Chapter 16
A Community of Tennessee Writers, Readers & Passersby

Portrait of the Artist as a Young Nashvillian

Liz Riggs’ debut novel looks at a creative woman’s struggle to find herself

With her debut novel, Lo Fi, Liz Riggs proves that Nashville can hold its own along with New York, L.A., or Boston when it comes to locales where young artists go to find themselves. Of course, anyone who lives in Nashville — or has watched Nashville — knows this, as does anyone who’s ventured beyond the pedal tavern to see a show while in town for a bachelorette party. But, for some reason, literature hasn’t caught on yet. Enter Lo Fi, which promises to join the ranks of Stephanie Danler’s Sweetbitter, Lily King’s Writers & Lovers, and other memorable portraits of the artist as a young woman.

Photo: Victoria Quick

Like other works in the genre, Lo Fi explores how a creative’s sexual and/or romantic relationships mirror her relationship with her art. And as is often the case, all kinds of relationships are stilted for Lo Fi’s narrator, Alison (who, to signal her quirkiness, goes by Al) — though she refuses to confront this reality. Instead, Al is constantly in the throes of a seemingly never-ending bender, gorging herself on liquor, beer, weed, and Xanax, along with bartenders, lead singers, and anything else that numbs her fear of failure, of wasting her life.

Instead of making music, Al works the door at a mid-size venue, listening to artists play in the room next door. And instead of pursuing her beanie-wearing, trumpet-playing, book-loving coworker, Julien, Al pines over her now-famous ex and has one-night stands with strangers she inevitably regrets.

But despite her valiant attempts, Al never succeeds in silencing her self-deprecating anxieties. Instead, they seep through the noise — the lo fi—in dissonant bursts throughout the narrative: “Losing my capo. Forgetting the chords to the first song I wrote. Saying I’ve heard of a band while not having any clue – any effing clue — who they are. Not recognizing a Merle Haggard song, an Emmylou Harris song, a Hank Williams song. Not being able to come up with my own melody for almost an entire year.”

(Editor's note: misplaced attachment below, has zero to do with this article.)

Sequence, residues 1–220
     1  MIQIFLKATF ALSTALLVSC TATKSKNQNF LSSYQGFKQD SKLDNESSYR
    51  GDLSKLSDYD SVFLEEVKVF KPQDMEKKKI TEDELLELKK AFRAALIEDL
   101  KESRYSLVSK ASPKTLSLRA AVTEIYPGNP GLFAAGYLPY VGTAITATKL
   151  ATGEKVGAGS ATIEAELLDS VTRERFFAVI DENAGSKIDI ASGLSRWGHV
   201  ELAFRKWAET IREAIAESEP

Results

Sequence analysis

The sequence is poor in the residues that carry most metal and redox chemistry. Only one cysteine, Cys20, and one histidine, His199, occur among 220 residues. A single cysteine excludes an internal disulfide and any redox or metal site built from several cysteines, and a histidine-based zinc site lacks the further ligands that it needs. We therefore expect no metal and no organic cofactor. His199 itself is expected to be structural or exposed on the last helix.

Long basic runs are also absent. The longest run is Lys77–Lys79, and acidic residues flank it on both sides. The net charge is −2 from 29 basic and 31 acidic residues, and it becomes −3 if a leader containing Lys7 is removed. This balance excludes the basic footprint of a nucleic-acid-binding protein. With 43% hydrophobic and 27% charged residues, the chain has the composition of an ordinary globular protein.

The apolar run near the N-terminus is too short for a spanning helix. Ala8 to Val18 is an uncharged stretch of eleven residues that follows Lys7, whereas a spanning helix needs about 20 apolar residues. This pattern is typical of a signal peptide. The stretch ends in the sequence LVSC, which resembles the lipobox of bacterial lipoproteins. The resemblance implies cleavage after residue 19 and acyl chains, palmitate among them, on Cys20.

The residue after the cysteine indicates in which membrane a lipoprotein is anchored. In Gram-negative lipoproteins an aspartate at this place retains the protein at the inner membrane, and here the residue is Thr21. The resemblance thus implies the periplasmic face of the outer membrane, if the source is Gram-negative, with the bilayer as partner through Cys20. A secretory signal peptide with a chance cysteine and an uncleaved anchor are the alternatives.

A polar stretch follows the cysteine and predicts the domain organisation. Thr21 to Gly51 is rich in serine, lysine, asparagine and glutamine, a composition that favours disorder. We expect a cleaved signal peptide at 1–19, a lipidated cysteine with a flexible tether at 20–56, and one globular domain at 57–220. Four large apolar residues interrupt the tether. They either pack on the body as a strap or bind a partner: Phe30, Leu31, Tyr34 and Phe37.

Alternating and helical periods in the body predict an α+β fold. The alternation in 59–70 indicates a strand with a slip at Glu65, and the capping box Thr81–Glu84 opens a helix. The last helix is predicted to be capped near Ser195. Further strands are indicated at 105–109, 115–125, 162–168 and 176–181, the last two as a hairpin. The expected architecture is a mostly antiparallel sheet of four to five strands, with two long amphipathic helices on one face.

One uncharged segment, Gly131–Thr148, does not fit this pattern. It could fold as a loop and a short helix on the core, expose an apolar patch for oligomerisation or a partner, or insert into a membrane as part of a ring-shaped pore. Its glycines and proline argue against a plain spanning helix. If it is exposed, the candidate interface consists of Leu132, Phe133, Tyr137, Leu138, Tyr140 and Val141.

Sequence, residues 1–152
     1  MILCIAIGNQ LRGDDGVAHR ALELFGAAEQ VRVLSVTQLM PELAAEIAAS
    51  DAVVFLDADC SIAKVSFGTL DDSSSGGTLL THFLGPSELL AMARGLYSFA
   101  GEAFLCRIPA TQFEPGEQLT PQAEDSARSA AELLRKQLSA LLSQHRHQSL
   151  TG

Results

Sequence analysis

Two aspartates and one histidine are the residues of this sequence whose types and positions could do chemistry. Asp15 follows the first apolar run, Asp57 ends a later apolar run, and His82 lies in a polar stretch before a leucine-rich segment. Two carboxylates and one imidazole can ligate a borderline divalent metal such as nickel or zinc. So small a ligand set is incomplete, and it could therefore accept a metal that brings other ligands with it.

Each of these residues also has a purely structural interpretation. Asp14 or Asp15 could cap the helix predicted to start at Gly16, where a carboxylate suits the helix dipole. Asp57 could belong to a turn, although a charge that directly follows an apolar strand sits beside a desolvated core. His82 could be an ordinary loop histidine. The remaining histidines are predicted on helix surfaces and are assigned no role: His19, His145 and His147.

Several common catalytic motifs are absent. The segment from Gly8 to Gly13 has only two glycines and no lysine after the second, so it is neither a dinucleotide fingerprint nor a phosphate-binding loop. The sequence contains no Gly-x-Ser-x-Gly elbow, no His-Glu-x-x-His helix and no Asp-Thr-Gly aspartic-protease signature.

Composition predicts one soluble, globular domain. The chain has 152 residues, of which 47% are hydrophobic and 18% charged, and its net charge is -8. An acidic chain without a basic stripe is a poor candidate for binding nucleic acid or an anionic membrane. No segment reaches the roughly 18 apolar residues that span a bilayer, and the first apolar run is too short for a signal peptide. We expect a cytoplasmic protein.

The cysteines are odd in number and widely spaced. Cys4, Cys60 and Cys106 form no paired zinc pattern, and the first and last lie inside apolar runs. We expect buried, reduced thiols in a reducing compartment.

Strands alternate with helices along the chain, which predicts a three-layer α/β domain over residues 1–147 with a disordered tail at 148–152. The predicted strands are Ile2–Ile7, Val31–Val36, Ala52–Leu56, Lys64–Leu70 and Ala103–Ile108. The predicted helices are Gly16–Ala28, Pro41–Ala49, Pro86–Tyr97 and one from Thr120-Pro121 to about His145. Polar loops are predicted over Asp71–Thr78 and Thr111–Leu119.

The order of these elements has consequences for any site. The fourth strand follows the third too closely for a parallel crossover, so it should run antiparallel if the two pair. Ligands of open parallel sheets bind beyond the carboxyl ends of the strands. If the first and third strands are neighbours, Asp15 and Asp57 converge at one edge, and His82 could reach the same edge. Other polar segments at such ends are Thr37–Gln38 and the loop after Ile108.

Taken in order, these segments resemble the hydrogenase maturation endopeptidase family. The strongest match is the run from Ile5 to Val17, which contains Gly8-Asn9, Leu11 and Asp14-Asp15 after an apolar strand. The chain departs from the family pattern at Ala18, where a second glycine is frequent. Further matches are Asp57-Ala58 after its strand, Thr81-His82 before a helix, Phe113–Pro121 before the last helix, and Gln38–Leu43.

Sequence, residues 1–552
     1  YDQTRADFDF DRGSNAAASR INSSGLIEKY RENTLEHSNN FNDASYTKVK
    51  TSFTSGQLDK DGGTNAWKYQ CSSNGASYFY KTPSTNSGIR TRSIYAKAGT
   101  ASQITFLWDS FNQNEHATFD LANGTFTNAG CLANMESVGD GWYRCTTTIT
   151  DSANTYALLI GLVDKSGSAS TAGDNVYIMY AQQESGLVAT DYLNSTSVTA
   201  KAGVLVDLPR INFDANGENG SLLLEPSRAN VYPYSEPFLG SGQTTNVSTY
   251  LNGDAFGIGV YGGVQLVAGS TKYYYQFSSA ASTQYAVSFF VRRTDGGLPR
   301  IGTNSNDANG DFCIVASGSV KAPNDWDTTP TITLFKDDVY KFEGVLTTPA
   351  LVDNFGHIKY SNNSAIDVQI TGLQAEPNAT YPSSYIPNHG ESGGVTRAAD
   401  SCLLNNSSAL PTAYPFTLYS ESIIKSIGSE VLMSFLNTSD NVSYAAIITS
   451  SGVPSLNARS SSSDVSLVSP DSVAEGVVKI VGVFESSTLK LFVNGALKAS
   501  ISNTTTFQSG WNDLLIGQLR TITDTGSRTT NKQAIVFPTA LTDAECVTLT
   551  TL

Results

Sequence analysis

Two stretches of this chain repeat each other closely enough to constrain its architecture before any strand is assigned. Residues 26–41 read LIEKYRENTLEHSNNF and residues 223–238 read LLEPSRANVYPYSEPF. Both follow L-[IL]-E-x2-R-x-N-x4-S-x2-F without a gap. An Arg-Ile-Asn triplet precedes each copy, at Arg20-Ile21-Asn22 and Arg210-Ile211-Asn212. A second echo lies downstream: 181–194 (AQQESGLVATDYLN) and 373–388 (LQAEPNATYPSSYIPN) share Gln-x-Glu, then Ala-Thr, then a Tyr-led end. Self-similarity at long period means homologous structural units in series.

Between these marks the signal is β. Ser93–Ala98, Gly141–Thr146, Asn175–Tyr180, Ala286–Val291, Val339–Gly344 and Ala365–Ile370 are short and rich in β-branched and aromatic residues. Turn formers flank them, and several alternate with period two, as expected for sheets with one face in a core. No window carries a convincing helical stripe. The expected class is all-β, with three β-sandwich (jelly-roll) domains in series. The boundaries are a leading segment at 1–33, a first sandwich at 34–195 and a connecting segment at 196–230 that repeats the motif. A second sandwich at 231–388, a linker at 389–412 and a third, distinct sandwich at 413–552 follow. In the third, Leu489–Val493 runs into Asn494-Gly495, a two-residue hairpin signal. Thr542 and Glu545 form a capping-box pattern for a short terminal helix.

In fact, much of Lo Fi is told through stream of consciousness made up of disjointed, cascading prose and long, meandering sentences, making time as slippery for readers as it is for Al. Whenever Al realizes that weeks or months have passed, it catches readers by complete surprise, too. In this way, Riggs introduces Nashville’s 21st-century lost generation, conjuring images of early 20th-century ex-pat writers stumbling down Parisian streets. “Waking up and feeling like I’m underwater. Preferring drinking over eating. Relishing the dark headlines, wishing for rain, for the sun to go down. Not getting out of bed until noon.” It comes as no surprise when Al mentions Julien is reading Hemingway’s The Sun Also Rises.

For all of Al’s reckless abandon and imbalance, Julien provides an unlikely, sturdy foil. In the early stages of the book, he seems to be just another of the many background characters who populate Al’s day-to-day life. But slowly, organically, Julien becomes a respite for Al, the axis of her centrifuge, with his Dry January, affinity for cooking grown-up meals, and familiarity with the concept of boundaries. His earnestness and vulnerability, and the slow burn of their relationship, brings both Al and readers out of the haze. Al’s feelings crystalize, and her awareness of the world outside her head begins to sharpen.

For a long time, however, Al fails to match or even recognize Julien’s levelheadedness, opting instead to self-sabotage, spewing shrapnel at those around her. Al suffers from an interesting, though not uncommon, complex: As a woman facing constant condescension and objectification in both the music industry and her romantic and sexual life, she begins to underestimate her capabilities, both positive and negative. In one internal monologue, Al admits to “not taking myself seriously for so long that eventually I start to wonder if anyone else ever will.” This self-doubt hinders her belief in both her own power to create art and to cause others pain. In not believing she is allowed to take up space, she somehow takes up too much.

Riggs paints an unflinching picture of what it feels like to be a woman in the arts — and, in many ways, a young woman anywhere. Many readers, but women musicians from Nashville in particular, will find their lives etched in uncanny detail onto each page of Lo Fi. Before the backdrop of Centennial Park, 12 South, and The Gold Rush, we watch Al navigate pregnancy scares, the saccharine thrill of catching feelings for someone new, and the assumption that women only want to sing and don’t need to learn technical musical skills. In the era of “girlhood” as a cultural motif, readers will revel in accompanying Al as she wades through an intimately familiar mire — and comes out the other side with a lot to write about.

Portrait of the Artist as a Young Nashvillian

Bianca Sass, a Nashville native, is a writer, director, and scholar whose work probes the intersection of the personal and the political. She’s a recent graduate of Amherst College, where she majored in English and Law, Jurisprudence, and Social Thought, as well as wrote and directed many theatrical productions. In 2023, Bianca workshopped her play Babydoll at the Looby Theater in Nashville. Bianca is now based in Boston.